Wrapped neon tubes on Pagoda Chop Suey House sign in Downtown Hamilton Credit: Joey Coleman / The Public Record

The Pagoda Chop Suey House sign hangs at the corner of King Street East and John Street; one of the few remaining signs from the days of neon signs 50 years past. The Chop Suey House itself is long gone, moving out in 2012 when its building and the attached Treble Hall were saved and restored.

The Pagoda Sign in Downtown Hamilton

The Hamilton Municipal Heritage Committee is told the landmark sign is being restored, and last year, some of the neon tubing was replaced in the sign as the first phrase of the restoration. Current owner Yoke Group teased a photo of the sign with the caption “Stay tuned for some exciting news!” earlier in April.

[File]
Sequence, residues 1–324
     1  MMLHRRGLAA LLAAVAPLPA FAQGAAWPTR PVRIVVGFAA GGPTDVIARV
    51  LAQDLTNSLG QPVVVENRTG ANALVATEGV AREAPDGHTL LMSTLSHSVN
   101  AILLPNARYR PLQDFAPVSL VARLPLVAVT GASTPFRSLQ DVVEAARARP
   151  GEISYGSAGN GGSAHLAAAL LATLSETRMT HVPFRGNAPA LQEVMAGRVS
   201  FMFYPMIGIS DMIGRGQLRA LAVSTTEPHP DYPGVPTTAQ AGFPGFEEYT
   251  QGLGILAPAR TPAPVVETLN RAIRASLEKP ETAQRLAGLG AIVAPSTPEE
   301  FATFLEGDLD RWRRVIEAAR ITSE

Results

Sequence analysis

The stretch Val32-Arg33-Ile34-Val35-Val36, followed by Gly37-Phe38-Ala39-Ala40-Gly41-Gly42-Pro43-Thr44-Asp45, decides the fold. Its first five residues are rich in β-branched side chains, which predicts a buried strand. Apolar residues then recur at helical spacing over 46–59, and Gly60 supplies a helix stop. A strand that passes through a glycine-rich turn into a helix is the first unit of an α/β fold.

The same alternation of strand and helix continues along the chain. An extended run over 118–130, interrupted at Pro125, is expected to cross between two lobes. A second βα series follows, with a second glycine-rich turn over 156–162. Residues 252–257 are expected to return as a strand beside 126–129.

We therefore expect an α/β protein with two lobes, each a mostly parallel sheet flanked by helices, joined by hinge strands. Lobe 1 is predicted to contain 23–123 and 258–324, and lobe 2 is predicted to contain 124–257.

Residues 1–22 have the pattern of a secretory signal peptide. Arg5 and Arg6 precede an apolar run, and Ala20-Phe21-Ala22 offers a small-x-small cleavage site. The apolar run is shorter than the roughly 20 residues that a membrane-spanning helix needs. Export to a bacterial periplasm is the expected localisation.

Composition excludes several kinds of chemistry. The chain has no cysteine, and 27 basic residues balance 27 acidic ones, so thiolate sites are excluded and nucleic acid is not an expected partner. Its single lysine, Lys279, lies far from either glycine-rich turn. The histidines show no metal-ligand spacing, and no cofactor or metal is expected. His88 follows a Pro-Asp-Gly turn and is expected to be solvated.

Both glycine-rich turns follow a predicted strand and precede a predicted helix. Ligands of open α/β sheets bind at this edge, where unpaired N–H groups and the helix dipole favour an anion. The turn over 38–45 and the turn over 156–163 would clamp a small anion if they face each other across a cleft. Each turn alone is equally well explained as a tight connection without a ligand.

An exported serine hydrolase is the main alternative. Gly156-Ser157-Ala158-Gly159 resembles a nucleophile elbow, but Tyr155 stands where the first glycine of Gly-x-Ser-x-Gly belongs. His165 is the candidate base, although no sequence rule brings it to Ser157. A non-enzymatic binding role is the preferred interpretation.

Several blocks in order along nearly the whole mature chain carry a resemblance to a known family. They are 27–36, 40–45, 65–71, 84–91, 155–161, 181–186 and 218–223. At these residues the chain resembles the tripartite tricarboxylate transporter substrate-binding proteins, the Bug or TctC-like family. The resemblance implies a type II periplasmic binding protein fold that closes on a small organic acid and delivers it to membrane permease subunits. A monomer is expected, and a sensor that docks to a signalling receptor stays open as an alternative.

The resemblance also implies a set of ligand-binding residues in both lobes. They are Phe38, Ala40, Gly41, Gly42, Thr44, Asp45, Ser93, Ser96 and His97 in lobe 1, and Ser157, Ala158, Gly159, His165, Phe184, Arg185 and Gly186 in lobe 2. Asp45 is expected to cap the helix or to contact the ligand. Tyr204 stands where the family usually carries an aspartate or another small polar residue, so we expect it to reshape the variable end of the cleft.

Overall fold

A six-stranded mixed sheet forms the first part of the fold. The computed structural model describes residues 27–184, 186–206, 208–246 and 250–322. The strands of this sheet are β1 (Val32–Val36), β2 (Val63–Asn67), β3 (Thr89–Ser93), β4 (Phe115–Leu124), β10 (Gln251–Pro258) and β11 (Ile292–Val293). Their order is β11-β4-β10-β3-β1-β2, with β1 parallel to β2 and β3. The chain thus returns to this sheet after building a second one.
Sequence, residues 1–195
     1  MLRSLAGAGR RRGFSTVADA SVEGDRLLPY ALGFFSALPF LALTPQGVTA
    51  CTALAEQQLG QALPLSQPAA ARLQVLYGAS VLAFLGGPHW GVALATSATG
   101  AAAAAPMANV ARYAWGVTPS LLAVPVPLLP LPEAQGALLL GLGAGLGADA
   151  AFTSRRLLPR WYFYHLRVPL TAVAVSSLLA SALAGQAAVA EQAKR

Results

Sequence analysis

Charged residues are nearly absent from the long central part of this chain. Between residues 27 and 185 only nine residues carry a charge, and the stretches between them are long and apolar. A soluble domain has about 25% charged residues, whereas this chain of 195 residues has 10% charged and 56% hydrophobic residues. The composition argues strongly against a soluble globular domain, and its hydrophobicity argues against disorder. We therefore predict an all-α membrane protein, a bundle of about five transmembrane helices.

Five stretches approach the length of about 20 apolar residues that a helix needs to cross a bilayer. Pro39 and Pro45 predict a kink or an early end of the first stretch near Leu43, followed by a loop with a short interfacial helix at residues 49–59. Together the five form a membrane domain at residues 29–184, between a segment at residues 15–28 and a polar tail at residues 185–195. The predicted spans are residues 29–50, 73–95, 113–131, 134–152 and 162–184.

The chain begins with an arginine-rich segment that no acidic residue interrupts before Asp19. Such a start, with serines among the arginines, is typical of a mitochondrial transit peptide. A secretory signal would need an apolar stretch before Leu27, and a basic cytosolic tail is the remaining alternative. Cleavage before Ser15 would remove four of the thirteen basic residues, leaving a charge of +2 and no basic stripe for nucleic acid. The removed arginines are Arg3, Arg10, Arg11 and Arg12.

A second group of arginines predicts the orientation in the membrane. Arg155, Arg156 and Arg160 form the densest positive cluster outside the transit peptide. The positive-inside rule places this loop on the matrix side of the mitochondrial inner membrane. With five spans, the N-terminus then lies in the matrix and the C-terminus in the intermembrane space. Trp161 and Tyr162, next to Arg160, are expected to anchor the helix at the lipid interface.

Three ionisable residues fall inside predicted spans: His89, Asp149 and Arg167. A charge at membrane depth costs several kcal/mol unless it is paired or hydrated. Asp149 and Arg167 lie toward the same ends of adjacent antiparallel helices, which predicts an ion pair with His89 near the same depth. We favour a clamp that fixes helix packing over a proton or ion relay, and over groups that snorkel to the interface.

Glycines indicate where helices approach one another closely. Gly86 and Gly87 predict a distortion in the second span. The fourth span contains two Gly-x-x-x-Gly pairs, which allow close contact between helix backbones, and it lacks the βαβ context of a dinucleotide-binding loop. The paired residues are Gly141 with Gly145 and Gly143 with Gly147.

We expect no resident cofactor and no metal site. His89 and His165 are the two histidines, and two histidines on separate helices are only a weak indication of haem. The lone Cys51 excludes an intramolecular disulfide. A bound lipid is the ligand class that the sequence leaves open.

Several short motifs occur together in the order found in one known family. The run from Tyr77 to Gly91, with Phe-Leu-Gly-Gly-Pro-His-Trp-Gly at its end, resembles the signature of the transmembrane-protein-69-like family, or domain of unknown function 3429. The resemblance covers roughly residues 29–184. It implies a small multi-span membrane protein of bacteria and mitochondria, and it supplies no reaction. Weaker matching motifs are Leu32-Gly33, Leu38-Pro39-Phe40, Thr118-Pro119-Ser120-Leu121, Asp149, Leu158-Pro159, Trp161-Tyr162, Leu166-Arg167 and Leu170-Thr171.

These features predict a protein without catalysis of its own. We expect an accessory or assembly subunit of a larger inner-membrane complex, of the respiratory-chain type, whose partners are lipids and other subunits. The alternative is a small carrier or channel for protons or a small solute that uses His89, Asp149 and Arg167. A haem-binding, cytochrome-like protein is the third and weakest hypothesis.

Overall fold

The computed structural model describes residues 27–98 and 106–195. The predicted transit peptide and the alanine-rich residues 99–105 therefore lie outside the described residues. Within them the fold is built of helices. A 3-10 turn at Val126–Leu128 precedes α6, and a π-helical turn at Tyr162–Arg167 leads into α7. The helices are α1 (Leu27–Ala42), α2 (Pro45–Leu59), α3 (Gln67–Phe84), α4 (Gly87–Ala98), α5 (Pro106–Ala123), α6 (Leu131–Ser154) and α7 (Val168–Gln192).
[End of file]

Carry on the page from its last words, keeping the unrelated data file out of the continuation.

The sign gained heritage protection in October when Council unanimously approved heritage designation for Treble Hall and the Pagoda Building under Part IV of the Ontario Heritage Act.
The designation states the Pagoda Building is designed in part “its association with the Pagoda Chop Suey House, a long-running Chinese restaurant in the City and one advertised through a prominent neon sign.”
Legendary local musician Tom Wilson wrote, in his biographical book Beautiful Scars: Steeltown Secrets, Mohawk Skywalkers and the Road Home, that the Pagoda “sign is to downtown Hamilton what the Hollywood sign is to Hollywood”.
Hamilton no longer allows overhanging signs, unless the bylaw changes, the Pagoda sign will be one of only two grandfathered neon signs in the Gore Park District. The other grandfathered sign? Cheapies.
The former Pagoda restaurant is connected to Treble Hall and part of a renovation that will turn the space into rental apartments.